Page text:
Wednesday, February 25, 2009

Math in the Movies

If you are going to subscribe to only one delicious feed, choose dougpete, unless you already subscribe to his blog.

Here is a beauty of a site that Doug tagged: Mathematics in Movies.

Right now it has about 80 clips from movies that involve math, including the explanation of why 7 times 13 is 28 below from Abbott and Costello's In the Navy, which I just love and the clip from Harold and Kumar that I wrote about previously.

Saturday, February 14, 2009

Happy V-D!

Here is a Valentine's gift for that someone 'special'.

Thanks to Kaz for alerting me to this and for his contribution to the book:

How would you represent the pain of moving ego to zero, though?

Friday, February 13, 2009

Thursday, February 12, 2009

What could you do with this?

Dan Meyer has posted some photos and videos and wondered what Math teachers could do with them. I have been wondering the same thing about some of my recent Flickr favorites.

So let me ask you the question - What do you make of this?

It is from the site where we get our paystubs from.

Wednesday, February 11, 2009

Finding Points of Intersection with The Geometer's Sketchpad

So Frank asked me about finding intersections of plotted linear functions at our Web 2.0 session last week. It turns out that constructing the intersection of two lines is trivial but of two function plots is not.

I told him the story about how happy I was to have written a custom tool to take two linear functions as input and create their point of intersection for Stephanie. The .gsp file is here.

At least, I was happy until I asked my pal Shawn Godin about it and he very quickly created a sketch that takes two polynomial functions (and maybe other kinds), and the origin and plots the functions, creates a locus of all the points of intersection found using Newton's Method, and labels one of them. You can then drag the point on the locus through all the points of intersection. His .gsp file is here.

Guess which one of us is working on our PhD in Mathematics?

Thanks Shawn for giving me permission to share the sketch. I'll be curious to see if this post gets as much traffic as the post about graphing inequations in Sketchpad, which also reported Shawn's guru status in the Sketchpad community.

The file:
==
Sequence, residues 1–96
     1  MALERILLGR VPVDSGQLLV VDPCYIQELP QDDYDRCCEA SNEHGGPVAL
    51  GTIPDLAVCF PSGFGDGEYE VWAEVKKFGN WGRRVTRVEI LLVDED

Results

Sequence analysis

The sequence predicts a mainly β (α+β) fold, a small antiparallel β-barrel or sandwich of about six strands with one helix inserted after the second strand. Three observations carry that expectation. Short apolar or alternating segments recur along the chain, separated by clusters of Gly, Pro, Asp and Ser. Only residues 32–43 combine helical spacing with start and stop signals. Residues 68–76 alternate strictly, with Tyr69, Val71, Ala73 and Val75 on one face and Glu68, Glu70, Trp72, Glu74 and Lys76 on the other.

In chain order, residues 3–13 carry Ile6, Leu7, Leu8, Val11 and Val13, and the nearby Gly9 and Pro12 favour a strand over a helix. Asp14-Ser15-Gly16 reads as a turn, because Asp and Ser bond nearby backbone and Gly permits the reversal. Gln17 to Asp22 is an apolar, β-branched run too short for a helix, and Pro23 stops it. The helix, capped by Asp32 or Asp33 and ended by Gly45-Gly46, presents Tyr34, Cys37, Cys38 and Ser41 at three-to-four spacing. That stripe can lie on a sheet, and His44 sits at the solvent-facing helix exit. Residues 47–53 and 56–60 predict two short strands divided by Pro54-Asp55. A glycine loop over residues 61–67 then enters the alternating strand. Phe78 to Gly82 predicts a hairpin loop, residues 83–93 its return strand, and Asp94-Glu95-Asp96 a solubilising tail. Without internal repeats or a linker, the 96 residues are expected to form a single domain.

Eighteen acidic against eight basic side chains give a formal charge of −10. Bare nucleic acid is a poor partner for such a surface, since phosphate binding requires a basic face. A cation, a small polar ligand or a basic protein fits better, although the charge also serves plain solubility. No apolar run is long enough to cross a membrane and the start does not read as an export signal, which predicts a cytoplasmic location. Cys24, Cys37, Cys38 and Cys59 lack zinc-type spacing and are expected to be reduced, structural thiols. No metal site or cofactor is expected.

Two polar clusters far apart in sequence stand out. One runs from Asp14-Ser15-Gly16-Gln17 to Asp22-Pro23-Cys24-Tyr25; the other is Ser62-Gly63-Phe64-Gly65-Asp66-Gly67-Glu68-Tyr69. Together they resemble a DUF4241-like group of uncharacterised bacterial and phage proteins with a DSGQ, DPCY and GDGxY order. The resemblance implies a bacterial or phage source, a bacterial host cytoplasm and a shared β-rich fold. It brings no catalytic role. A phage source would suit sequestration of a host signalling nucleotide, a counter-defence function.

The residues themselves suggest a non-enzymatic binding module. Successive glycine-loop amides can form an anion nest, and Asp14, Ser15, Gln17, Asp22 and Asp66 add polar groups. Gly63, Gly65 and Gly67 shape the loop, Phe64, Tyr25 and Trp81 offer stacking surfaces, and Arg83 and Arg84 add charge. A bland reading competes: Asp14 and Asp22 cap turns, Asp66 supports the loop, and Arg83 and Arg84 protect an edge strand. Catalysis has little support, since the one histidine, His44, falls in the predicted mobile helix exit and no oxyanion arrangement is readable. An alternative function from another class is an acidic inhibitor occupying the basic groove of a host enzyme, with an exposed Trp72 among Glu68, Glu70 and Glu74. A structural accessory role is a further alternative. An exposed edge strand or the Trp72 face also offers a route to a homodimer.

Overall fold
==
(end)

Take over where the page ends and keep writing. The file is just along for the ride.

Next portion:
Sunday, February 8, 2009

Oh Carina

I have been involved with introducing educators to Web 2.0 and have tried to write compelling, serious reasons why they should care about it - and I think those reasons are right. But, a good part of my enjoyment of the web is the finding something delightful that exhibits the best of the human spirit - something remarkably creative or intelligent or funny.

It happened to me this morning just as I was about to delete a post by David Pogue about iPhone apps. I don't own an iPhone. Luckily, I scrolled down. David was writing about the iPhone apps store where users can download apps for $1. His example was an app by Smule called Ocarina. It turns your iPhone into a wind instrument. You blow into the microphone, finger the screen and the speakers play. Here's the demonstration that he mentions:

Not only that, but there is social aspect. Like Wikipedia Vision, you can view a map of the world and listen in on people playing their music anywhere in the world. You can even record your work and view sheet music for the Ocarina.

As a math educator, I get excited about students bringing their Mobile Internet device to school and having access to a wealth of resources and tools (like a CAS graphing calculator!!!). I hadn't really thought about the device giving them a $1 musical instrument to play. There is something oddly full-circle-ish about this. Computers putting stage musicians out of business and then turning everyone into amateur musicians.

I was thinking of this song from Danny Marks, of CBC Radio's Basic Black's feature called the Hum Line, when I wrote the post's title. I was way more excited to meet him last year at Jeff Healey's Roadhouse than he was to meet me.

Saturday, February 7, 2009

Web 2.0 for Ontario Math Leaders (reprise)

In a previous post, I asked for help in creating a one day workshop on Web 2.0 for Math Education leaders. My Personal Learning Network provided some excellent ideas in the comments.

The workshop was delivered yesterday to an eager and experienced group. Many indicated that they had seen Will Richardson at one of his appearances in Ontario, like the EDUGAINS symposium, and were ready to do more with Web 2.0.

In preparation for the session, I worked on a wiki to capture some of our ideas about

* What is Web 2.0 and why should Math Educators Care
* What are some Web 2.0 Tools (with a page for each)

I have updated the wiki with some of the ideas of the participants as well. It is a little light in the sections that I was not responsible for. Perhaps some of you will edit it to beef it up.

If you were at the session yesterday, please feel free to comment and describe a interesting discovery that you made or pose a question that is still bothering you.